Washington (Jan. 31, 2003) -- Changes in the Earned Income Tax Credit law will greatly expand the number of low-income working taxpayers who qualify for tax relief, according to the Internal Revenue Service. The changes especially affect military personnel.

"More hard-working Americans can receive tax relief or even a tax refund because of changes in this credit. We want all those who are eligible, but only those who are eligible, to apply," said Acting IRS Commissioner Bob Wenzel. "The IRS and its network of volunteers are ready to help taxpayers complete accurate returns on this complex issue."

Both the income limits and the maximum credit have increased for the 2002 tax year with the automatic cost of living calculations. To be eligible for a full or partial credit, a couple filing jointly, with two or more qualifying children, must have an adjusted gross income of less than $34,178. The maximum earned income credit is $4,140 for families with two or more qualifying children, $2,506 for families with one qualifying child and $376 for an individual without children.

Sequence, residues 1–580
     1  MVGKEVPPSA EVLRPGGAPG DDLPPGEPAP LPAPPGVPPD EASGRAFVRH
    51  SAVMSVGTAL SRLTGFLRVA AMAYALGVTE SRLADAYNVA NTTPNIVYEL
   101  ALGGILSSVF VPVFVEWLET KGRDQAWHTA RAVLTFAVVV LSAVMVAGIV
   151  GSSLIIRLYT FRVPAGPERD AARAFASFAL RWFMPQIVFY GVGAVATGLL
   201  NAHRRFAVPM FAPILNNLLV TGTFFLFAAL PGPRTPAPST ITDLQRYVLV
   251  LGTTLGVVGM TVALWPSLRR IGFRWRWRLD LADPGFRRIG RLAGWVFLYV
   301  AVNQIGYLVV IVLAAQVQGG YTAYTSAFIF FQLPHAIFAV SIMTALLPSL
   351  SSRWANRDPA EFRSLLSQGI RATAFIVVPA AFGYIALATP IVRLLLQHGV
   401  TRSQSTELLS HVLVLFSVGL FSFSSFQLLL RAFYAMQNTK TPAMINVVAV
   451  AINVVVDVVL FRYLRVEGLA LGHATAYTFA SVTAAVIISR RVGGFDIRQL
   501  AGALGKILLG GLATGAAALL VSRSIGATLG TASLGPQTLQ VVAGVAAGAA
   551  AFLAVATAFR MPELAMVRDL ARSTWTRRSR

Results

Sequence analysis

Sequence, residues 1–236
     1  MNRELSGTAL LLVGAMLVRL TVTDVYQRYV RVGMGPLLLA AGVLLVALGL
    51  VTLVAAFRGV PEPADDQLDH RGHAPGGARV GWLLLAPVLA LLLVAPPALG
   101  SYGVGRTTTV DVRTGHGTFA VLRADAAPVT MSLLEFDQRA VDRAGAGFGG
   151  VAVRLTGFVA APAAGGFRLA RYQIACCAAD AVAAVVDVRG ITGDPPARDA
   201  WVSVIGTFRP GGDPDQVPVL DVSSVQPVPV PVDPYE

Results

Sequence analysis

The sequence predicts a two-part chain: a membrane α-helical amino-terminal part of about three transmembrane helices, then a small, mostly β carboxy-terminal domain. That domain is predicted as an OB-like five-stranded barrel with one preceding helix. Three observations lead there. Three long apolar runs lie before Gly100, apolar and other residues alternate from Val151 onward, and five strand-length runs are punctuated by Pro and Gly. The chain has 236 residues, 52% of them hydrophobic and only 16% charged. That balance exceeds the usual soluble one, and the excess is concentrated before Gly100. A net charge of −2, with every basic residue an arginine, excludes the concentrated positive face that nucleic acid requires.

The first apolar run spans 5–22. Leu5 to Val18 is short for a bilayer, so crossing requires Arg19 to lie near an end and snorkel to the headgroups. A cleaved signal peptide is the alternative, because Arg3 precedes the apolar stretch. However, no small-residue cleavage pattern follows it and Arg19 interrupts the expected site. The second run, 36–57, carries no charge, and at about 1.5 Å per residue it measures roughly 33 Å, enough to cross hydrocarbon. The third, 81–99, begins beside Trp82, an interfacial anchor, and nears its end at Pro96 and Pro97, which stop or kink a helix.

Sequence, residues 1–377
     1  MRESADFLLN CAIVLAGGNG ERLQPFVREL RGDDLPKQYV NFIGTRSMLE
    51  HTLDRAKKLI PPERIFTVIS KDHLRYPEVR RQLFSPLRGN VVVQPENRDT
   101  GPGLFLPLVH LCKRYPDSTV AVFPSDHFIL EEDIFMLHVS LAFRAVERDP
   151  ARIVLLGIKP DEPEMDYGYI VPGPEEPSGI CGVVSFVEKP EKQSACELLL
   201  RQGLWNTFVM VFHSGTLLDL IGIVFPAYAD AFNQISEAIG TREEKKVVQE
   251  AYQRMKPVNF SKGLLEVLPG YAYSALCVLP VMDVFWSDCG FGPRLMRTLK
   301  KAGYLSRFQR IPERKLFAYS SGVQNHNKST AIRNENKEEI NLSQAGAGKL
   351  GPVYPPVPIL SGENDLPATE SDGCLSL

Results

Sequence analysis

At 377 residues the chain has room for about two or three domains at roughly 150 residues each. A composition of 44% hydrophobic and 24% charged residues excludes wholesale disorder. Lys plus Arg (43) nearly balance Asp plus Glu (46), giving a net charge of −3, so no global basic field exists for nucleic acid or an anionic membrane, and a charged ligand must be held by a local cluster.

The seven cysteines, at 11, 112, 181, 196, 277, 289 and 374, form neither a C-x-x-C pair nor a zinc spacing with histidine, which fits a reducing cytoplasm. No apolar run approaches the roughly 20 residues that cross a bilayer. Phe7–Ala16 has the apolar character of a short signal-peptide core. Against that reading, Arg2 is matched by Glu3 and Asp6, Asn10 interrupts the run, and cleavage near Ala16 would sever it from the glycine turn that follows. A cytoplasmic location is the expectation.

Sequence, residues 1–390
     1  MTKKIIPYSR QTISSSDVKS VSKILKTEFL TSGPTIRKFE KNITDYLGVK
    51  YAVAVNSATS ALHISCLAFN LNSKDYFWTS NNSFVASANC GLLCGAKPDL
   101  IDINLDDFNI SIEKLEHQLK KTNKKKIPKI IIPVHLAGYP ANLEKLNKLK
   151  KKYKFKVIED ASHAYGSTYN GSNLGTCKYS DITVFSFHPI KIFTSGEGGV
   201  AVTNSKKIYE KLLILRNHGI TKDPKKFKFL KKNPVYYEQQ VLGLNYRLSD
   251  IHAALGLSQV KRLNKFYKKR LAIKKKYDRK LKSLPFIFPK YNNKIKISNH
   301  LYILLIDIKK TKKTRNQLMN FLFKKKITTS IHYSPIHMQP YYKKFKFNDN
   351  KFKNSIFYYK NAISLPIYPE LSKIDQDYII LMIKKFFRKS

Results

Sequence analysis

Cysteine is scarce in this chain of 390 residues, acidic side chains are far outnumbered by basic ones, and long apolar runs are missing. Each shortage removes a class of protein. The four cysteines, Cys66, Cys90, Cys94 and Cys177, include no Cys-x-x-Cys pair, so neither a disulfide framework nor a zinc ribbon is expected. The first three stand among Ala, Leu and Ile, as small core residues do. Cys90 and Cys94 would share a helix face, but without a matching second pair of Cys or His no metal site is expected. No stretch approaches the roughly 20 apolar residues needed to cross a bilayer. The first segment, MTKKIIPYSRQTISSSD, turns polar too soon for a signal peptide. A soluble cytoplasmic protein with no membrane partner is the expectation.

Among the significant changes for the 2002 tax year was a redefinition of what constitutes earned income. Earned income no longer includes nontaxable income such as military pay for housing, subsistence allowances or combat. This change will expand the number of military personnel who may be eligible for the credit. Also benefiting are people who participate in salary deferral plans such as 401(k) and Thrift Savings or people who receive excludable employer-provided benefits such as dependent care benefits.

-- Electronic Accountant Newswire staff

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